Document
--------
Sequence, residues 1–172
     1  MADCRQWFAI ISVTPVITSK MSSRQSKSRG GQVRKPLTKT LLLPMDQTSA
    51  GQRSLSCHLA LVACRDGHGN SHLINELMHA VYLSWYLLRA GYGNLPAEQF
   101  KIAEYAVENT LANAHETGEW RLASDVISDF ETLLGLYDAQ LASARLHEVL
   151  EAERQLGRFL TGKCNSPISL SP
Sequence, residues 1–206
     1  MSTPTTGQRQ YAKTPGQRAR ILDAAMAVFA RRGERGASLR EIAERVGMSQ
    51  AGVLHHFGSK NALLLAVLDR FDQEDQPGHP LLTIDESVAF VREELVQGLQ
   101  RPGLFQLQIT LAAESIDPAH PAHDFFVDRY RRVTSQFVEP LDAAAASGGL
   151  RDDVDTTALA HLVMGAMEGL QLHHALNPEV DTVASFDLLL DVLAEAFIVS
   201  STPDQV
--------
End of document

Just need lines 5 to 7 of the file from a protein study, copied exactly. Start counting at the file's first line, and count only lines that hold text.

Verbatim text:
   151  EAERQLGRFL TGKCNSPISL SP
Sequence, residues 1–206
     1  MSTPTTGQRQ YAKTPGQRAR ILDAAMAVFA RRGERGASLR EIAERVGMSQ